Funky has returned to Mockingbird Estates and Houseroy and tosses the pinging Mother Box aside, but as Barda predicted, it is the homing device for the Female Furies, who soon appear as a fearsome foursome. While neither Scott Free or Big Barda are there, they are content to attack those in attendance. Funky Flashman wastes no time in throwing Houseroy to the wolves, quite literally, while he escapes out the back of the exploding house.

Looking back over the carnage, Funky simply decides to move on. “On to new conquests, Funky Flashman!! You winner, you!!!

Back at the former Mockingbird Estate, Big Barda, Mister Miracle and Oberon have successfully saved the butler, Houseroy and observed the cowardly retreat of Funky Flashman. Scott Free vows that it’s time to take on the forces of Apokolips head on and Barda reluctantly agrees, setting up next issue’s “The Apokolips Trap!

Frankly, after 24 pages, I’m still a bit confused. Granted, this is the first issue of Mister Miracle, at least the original run, that I’d ever read, so I’m not fully acquainted with these characters or where they’re going or what they’re doing, but of course the storyline played second fiddle to Jack Kirby’s send-up of his old boss, Stan Lee and Roy Thomas. It’s obvious Jack had some axes to grind and chose this as one of his outlets. I’d heard about Funky Flashman and Houseroy, but now I’ve actually seen it.

Me? I’ve got no dog in this fight. As I’ve probably commented before, Stan and I swapped a few e-mails and I ran across him at the 2015 San Diego Con, but other than that, I’ve not interacted with The Man much at all. I know many held him as a beloved figure while others never missed an opportunity to vilify him as a credit-grubbing company man.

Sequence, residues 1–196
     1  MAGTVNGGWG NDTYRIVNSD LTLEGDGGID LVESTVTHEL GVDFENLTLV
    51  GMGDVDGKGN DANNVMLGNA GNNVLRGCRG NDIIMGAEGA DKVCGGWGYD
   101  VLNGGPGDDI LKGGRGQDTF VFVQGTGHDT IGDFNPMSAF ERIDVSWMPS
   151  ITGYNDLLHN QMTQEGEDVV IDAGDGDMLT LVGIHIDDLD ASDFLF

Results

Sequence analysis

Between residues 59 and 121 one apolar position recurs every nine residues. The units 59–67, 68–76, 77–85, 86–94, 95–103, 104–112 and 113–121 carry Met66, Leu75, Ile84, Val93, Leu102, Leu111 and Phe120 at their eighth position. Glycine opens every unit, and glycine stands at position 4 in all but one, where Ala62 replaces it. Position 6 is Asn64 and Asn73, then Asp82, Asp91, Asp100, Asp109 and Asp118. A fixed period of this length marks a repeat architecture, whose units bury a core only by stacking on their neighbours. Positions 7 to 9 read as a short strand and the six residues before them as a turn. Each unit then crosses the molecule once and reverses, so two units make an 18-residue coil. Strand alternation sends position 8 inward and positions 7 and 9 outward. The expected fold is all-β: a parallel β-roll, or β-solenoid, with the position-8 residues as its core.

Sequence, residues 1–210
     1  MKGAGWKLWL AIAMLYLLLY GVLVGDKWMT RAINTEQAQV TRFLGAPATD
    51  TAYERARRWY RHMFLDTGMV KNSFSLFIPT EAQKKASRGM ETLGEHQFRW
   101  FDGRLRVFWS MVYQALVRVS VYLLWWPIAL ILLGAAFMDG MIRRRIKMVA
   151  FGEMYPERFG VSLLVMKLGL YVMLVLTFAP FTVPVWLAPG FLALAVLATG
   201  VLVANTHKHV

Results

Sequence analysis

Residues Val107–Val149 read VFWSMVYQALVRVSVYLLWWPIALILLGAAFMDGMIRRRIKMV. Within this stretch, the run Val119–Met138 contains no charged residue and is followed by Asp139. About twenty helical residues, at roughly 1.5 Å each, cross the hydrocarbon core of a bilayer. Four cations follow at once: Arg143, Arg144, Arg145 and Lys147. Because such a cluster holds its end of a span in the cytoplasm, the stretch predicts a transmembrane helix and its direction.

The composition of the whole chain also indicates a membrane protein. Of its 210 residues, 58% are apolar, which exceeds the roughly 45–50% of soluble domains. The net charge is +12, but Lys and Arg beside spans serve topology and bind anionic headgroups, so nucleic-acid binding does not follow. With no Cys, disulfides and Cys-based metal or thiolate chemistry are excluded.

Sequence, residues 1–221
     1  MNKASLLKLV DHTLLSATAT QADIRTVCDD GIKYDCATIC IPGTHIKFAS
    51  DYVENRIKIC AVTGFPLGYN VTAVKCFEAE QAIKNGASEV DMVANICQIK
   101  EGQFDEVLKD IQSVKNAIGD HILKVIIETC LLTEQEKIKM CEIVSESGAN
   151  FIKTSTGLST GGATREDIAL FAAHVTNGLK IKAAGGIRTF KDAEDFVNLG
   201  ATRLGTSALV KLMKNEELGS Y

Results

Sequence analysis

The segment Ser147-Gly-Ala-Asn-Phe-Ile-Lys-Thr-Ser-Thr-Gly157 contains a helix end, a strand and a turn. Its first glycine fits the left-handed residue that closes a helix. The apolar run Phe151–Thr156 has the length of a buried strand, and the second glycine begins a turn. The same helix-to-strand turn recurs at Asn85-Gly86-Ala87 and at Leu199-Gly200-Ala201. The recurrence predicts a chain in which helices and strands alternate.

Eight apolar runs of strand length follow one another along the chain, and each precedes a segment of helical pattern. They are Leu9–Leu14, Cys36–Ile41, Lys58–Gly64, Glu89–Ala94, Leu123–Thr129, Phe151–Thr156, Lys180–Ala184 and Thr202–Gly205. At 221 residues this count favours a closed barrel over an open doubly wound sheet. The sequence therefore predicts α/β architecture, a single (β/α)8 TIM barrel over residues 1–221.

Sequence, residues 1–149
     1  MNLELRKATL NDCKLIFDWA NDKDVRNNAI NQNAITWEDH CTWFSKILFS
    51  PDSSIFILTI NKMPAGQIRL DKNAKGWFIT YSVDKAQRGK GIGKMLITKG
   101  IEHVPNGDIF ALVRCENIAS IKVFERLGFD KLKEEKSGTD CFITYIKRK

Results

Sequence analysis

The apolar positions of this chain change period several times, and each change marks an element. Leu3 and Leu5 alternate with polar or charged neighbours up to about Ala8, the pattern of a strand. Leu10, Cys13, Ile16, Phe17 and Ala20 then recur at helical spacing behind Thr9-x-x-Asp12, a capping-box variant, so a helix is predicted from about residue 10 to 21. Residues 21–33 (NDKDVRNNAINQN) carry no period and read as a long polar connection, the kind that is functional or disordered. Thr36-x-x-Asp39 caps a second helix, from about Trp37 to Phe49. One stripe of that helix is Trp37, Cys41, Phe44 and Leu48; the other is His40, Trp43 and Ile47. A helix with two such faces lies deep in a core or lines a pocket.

For my money, the synergy between Stan and the artistic talent, be it Jack Kirby, Steve Ditko, John Buscema, Wally Wood, John Romita, Don Heck, Gene Colan, etc. is where the old Marvel magic came into play. This issue of Mister Miracle is a pretty decent example of how Jack wasn’t much of a scripter. Meanwhile, after the artists listed, especially Jack, left for other publishers, suddenly the fabled House of Ideas ran out of ideas, so to me it’s pretty obvious that neither Stan nor his stable of artists was as good on their own as they were together.

After all is said and done, the mark Stan Lee made on the comics is undeniable and indelible. There will never be another Stan Lee…or Jack Kirby, or Steve Ditko, or…

This effort was a little out of the ordinary, but never fear. We’ll be back with something a little more recognizable on December 1st as the silver mining continues. You could even be part of it. Got an idea for a future review or just a comment or question? Let me know. I’m always available at: professor_the@hotmail.com.

Until next time…

Long live the Silver Age!